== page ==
Strange poems and an intriguing tale for die-hard horror fans.

VISIONS, DARKNESS, AND LIGHT

Poetry and a novella mix biography, history, and horror.

Snodgrass’ “poetry novel” brings together more than 60 prose poems and a novella that centers on eerie, supernatural occurrences on the infamous Trail of Tears in 1830. The title poem, the first piece in the collection, alludes to Edgar Allan Poe and Rod Serling: “ ‘Nevermore!’ he cries alone. As you slip into life’s twilight zone.” It’s an apt combination for the poems that follow, which bear titles like “The Mummy,” “Poltergeist,” and “The Lycan.” The author crafts some disturbing and mournful imagery here, drawing heavily from pop-culture bogeymen and his own personal history. Between lines like “The freak show is coming to town; got Nosferatu and a very evil clown,” he pauses to dedicate slower, more somber pieces to his mother or grandmother: “I see your smile upon the wind when I close my eyes and go to sleep....I hope you are smiling—and Grandma, I’ll see you soon.” Reinforcing this alternating rhythm are the accompanying uncredited photographs, some of family members, others of desolate landscapes, and even shots of Snodgrass himself. The blend of popular genres and poetry is unusual and unexpected, but the author’s rather standard rhyming patterns tend to hold his pieces back from achieving something truly bizarre and surreal: “Are you an angel, or the devil’s slave? Or just a whisper beyond life’s grave?” This predilection for imbuing horror in unexpected places feels much more natural and effective in the historical novella Ouijawa: Trail of Tears, which follows a medicine man named Nvda Ama as he invokes supernatural forces to fight against the white Army and militia men cruelly herding his tribe out of their native lands in Georgia. Along with delivering some genuinely spooky passages, Snodgrass displays here some skill at perspective, playing with both the soldiers’ and the Native Americans’ inner turmoil during a horrific situation made even darker.

Strange poems and an intriguing tale for die-hard horror fans.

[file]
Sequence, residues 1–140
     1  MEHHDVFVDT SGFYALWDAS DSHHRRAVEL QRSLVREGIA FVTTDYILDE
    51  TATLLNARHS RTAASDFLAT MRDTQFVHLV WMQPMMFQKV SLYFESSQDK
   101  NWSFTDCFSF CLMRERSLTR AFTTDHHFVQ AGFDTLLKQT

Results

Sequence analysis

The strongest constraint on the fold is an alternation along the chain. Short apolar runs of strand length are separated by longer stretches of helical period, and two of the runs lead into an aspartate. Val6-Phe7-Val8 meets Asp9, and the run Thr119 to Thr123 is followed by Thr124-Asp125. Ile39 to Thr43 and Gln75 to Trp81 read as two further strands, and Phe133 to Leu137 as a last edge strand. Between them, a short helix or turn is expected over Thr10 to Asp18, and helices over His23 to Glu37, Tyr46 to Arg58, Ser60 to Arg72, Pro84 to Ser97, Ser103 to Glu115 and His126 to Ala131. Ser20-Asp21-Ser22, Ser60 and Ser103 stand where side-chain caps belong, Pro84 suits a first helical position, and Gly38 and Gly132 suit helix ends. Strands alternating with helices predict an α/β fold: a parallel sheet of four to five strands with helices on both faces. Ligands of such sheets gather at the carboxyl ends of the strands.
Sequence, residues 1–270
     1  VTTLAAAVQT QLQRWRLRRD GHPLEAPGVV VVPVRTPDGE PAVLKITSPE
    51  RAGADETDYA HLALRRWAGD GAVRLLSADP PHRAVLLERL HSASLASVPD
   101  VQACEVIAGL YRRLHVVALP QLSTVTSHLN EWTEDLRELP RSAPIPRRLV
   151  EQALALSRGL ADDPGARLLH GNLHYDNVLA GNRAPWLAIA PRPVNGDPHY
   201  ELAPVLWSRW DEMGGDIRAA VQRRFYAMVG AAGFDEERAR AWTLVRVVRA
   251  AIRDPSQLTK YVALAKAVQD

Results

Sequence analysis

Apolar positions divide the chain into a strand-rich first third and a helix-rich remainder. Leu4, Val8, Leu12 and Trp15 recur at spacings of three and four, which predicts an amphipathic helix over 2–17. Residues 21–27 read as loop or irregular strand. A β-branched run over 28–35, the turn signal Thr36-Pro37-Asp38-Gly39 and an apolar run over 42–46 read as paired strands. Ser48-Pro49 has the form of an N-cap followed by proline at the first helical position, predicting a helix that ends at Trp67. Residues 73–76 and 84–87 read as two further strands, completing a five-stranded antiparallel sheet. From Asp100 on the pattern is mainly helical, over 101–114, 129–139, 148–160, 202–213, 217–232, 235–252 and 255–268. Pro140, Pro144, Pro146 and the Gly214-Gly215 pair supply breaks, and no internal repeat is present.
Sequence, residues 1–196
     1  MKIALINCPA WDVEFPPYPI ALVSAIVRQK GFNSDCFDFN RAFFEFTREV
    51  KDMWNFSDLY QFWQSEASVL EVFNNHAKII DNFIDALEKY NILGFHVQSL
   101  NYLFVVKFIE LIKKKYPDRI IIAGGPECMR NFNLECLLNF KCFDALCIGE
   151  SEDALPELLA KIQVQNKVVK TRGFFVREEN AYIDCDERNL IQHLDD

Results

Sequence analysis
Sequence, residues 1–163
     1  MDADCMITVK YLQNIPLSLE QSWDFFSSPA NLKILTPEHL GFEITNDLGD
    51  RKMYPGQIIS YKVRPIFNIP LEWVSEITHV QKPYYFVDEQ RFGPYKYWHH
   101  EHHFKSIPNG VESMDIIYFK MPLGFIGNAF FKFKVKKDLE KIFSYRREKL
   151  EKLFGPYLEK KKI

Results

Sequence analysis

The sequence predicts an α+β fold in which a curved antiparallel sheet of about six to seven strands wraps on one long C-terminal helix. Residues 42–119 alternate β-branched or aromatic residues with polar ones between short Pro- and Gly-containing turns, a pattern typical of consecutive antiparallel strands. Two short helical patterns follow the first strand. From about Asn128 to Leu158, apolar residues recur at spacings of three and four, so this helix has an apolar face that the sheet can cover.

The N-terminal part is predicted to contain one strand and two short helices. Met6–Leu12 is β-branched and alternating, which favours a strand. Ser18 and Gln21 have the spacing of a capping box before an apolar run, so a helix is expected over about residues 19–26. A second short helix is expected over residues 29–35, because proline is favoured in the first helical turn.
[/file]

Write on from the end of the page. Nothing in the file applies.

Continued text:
Pub Date: Sept. 20, 2019

ISBN: 978-1-5320-7899-6

Page Count: 178

Publisher: iUniverse

Review Posted Online: April 8, 2020

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Crave chills and thrills but don’t have time for a King epic? This will do the job before bedtime. Not that you’ll sleep.

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LATER

Horrormeister King follows a boy’s journey from childhood to adolescence among the dead—and their even creepier living counterparts.

Jamie Conklin sees dead people. Not for very long—they fade away after a week or so—but during that time he can talk to them, ask them questions, and compel them to answer truthfully. His uncanny gift at first seems utterly unrelated to his mother Tia’s work as a literary agent, but the links become disturbingly clear when her star client, Regis Thomas, dies shortly after starting work on the newest entry in his bestselling Roanoke Saga, and Tia and her lover, NYPD Detective Liz Dutton, drive Jamie out to Cobblestone Cottage to encourage the late author to dictate an outline of his latest page-turner so that Tia, who’s fallen on hard times, can write it in his name instead of returning his advance and her cut. Now that she’s seen what Jamie can do, Liz takes it on herself to arrange an interview in which Jamie will ask Kenneth Therriault, a serial bomber who’s just killed himself, where he’s stowed his latest explosive device before it can explode posthumously. His post-mortem encounter with Therriault exacts a high price on Jamie, who now finds himself more haunted than ever, though he never gives up on the everyday experiences in which King roots all his nightmares.